A rough guide to the thickness of the cast can be made by checking the thickness of the cast in the spare. If you think it's thick enough then it's time to empty the mould. Slowly & gradually turn the mould over so that the spare is on the bottom. Don't put the slip from the mould back in with new unused slip, put it into a separate bucket for use again later. The mould must be emptied gradually, if you just turn it over the slip may pour out too quickly & form an airlock which will either leave most of the slip in the mould or will pull the cast away from the pour face.

Once the mould is completely empty turn it back so that the spare is uppermost . The spare can now be carefully removed although there are some moulds where this isn't possible. Leave the mould with the cast inside until the cast is hard enough to support itself but not so hard that it's cracking. Plain moulds like mugs or plates are fairly easy to judge but if a mould has a lot of detail it needs to be watched. If it's left in the mould too long any undercuts or details may cause the cast to crack. This is because the cast will be shrinking slightly & if it hasn't room to shrink, it will crack.

When it's firm enough to support itself carefully open the mould. Make sure you lift each piece straight off & not at an angle or you may destroy the detail. If a mould won't open, leave it a little longer. If it still won't open try gently tapping it all over with a rubber mallet. Once open, carefully remove the cast & leave it until it's leather hard - literally like you would expect  fairy thick leather.

It now needs 'fettling'. You will notice on the cast that where the pieces of mould met there is a line. This line is removed using whichever tools you favour. It needs to be completely removed as if any is left it will raise up when the piece is fired. Try to restore any small detail that may have been lost by fettling & use a sponge to level out the spare hole (which is usually underneath a cast).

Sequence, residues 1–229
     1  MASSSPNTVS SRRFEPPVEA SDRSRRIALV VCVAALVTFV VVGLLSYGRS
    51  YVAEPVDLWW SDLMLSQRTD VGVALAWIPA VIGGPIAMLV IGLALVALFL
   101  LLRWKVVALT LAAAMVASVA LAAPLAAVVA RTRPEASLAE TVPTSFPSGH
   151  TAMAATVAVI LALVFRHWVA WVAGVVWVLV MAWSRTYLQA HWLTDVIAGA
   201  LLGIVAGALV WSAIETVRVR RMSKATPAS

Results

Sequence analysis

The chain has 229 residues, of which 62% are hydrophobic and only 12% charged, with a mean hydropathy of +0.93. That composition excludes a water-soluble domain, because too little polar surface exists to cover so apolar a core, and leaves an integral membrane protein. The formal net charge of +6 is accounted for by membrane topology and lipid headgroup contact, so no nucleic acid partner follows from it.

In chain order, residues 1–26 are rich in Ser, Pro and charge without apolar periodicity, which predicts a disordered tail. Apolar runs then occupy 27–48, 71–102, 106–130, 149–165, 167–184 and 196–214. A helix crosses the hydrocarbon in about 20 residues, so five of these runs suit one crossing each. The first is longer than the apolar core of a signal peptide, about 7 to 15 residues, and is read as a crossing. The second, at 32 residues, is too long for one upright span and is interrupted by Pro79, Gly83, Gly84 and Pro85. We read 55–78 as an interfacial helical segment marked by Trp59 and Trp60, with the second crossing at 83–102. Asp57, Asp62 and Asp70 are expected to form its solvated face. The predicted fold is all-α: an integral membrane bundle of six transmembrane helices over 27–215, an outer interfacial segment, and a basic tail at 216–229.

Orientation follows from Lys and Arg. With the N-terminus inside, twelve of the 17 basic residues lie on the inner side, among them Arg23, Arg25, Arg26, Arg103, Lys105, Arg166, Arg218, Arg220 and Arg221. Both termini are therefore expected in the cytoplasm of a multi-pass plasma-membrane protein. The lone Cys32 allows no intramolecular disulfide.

Now leave your cast to dry out completely. It MUST be totally dry before you fire it in the kiln or as the kiln heats up so will the moisture in the cast & blow it apart. Most slip casts are fired to around cone 04 which is 1049 - 1060 degrees depending on which make of cone is used. Most kilns have safety features that prevent them being opened when they are firing but if yours hasn't got one of these please don't be tempted to just open the door a bit for a quick look. Quite apart from ruining your firing cycle, you can & will get badly burned!
Once the kiln has finished firing leave it cool right down then carefully open the door. If it's cold where your kiln is, cold air will rush into the kiln if you open it too quickly & cause thermal shock - your casts will shatter.

You should now have a beautiful piece of slip cast ceramics which you can paint or glaze to your own tastes.

I hope this guide has been helpful but if I've made any errors or typos please let me know.

Angela